Mortgage Fraud

By Andrew J Thompson

Because of the nature of mortgage transactions, it can be difficult to determine a case where a homeowner has been defrauded by a lender, broker or title agent in  a mortgage transaction.  But it does happen, and it happens far more often than homeowner’s realize or know.

What is a Case for Fraud?

First, to prove fraud there must be some material misrepresentation or omission of fact.  Actual representations of fact demonstrate the potential of actual fraud, and when the representation is visible, a case becomes easy to prove.

But in most cases, there is limited or no contact between the lender and borrower, and very little contact between the borrower and title agent, in fact it is common that the borrower only meets or talks to the title agent at the closing – and for a very brief period of time.

But omissions of fact, that can be determined from examination of all the evidence surrounding the mortgage transaction itself, if the situation meets other requirements, also can constitute fraud – or perhaps something treated in the law as “constructive fraud”.

Either way, the representation or omission must have occurred either intentionally or knowingly on the part of the party to be held liable for their actions.  If the party did not know and was not accountable for knowing that the misrepresentation or omission occurred, it cannot be guilty of fraud. But if it knew or should have known that important facts relating to the transaction were not disclosed, or were misrepresented to the borrower, fraudulent behavior was in play.

Fraud, however, must also cause the borrower to suffer harm.  This can come in many forms.  For example, it the borrower was eligible for a significantly lower payment at better rates on the loan, if the borrower accepted money based on an appraisal that was inappropriate given the market conditions at the time of a loan – and borrowed more than they should have and lost equity in the house because the appraisal was wrong, even if the borrower’s finances did not justify the loan and they could never get to a position they could repay the loan, these are examples of how fraudulent conduct could case harm to a borrower.

But the homeowner must actually suffer a loss at the hands of the borrower or other party to recover for fraud.  If the above scenarios present only hypothetical losses, the homeowner is not entitled to recovery.  But if they can prove at last $1 of actual loss because of the fraudulent conduct, the defrauded party is entitled to recovery.  At that point, a major case is opened up – for the recovery of actual losses and potentially punitive damages as well.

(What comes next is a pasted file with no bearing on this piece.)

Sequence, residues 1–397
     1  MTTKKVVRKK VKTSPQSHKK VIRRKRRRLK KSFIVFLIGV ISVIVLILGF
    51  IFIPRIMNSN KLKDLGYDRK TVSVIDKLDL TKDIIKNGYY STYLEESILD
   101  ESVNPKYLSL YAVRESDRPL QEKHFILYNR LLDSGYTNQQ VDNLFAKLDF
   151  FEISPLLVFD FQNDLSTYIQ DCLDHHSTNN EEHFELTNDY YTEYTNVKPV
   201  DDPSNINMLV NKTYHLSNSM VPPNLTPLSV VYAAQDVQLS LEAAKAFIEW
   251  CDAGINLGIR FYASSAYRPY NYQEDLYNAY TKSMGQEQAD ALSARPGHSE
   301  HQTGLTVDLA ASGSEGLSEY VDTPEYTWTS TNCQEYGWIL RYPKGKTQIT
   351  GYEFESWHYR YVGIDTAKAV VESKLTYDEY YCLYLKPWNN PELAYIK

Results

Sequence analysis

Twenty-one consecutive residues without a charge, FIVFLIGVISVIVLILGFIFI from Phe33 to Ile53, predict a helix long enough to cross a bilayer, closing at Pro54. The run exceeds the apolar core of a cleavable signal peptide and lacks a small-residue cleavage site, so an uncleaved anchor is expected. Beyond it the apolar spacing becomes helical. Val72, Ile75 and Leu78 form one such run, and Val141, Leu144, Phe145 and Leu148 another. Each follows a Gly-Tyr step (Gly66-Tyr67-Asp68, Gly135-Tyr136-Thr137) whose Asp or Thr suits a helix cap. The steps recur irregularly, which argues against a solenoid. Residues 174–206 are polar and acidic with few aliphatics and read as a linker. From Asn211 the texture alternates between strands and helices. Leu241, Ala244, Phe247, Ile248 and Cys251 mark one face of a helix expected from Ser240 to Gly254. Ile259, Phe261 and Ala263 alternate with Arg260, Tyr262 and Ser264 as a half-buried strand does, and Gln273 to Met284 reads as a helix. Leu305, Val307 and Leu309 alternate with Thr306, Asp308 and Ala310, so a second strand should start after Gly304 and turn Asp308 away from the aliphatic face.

In other articles, we will discuss how fraud is proven, other claims that may be available to a homeowner, and what to do when you suspect fraud has occurred with respect to your own mortgage.

If you would like assistance with an investigation or assessment of potential fraud relating to your own mortgage, please contact the Thompson Law Office at (317) 564-4976, or email the author at: andrew@thompsonlawindiana.com

When Do You Need an Attorney?

By Andrew J Thompson

When a bank or your lender threaten you with foreclosure, it can get very uncomfortable in a hurry.  I’ve represented dozens of homeowners, borrowers and private lenders in mortgage protection and mortgage fraud cases, very few of whom have hired me in the early stages following a claimed default.  Usually, they don’t need to at this stage.  But that can change in a hurry and it can change with profound implications.

If you hire an attorney before you have the need for legal defense, you will expend badly needed financial resources trying to protect against claims that aren’t yet ripe.  But if you wait too long, the consequences can be dire.  In my experience, I have learned that I can help just about any homeowner if they come to me early enough.  But I have also had plenty of cases where it’s too late, or there just aren’t the resources at hand to defend the case in the way it needs defended. So how exactly does this play out, and what are the factors that dictate when an attorney can and should make a difference in your case?  Below is a summary of what is likely to happen at various stages of proceedings and how it is that an attorney should help, or alternatively may not or may not be able to help  under the circumstances.

DEFAULT/PRE-FORECLOSURE

Until the bank has indicated it intends to move ahead with foreclosure proceedings, you generally do not need an attorney working for you.  If you are considering a loan modification, or have applied for one, you know there is much paperwork involved, and hiring an attorney will usually do little for you except increase the cost of defending yourself.

There are exceptions, however.  If your claims against the lender are so clear that you have a suit to file against it (them), then you should hire an attorney sooner rather than later to pursue your rights, rather than sleeping on them until the bank establishes the upper hand against you.  Pre-emptive strikes can be very important in foreclosure litigation because the lender often takes advantage of the procedural tools (Trial Rules) at its disposal that enable it to move quickly and short circuit your rights of defense against foreclosure.  I have seen this happen to an unsuspecting homeowner many times over, so don’t let it happen to you.

NOTICE OF INTENT TO FORECLOSE

At this juncture, before a case is filed against you, but upon seeing a pre-foreclosure intent letter, it is wise at least to consult with an attorney to know your rights and help you decide on your own next steps, while wisely considering what to do more immediately.  Most typically I would say this is generally too early to hire counsel, and any earlier makes little sense except in the situation where you need to find an attorney to prosecute your own claims against the lender,

RECEIVING A SUMMONS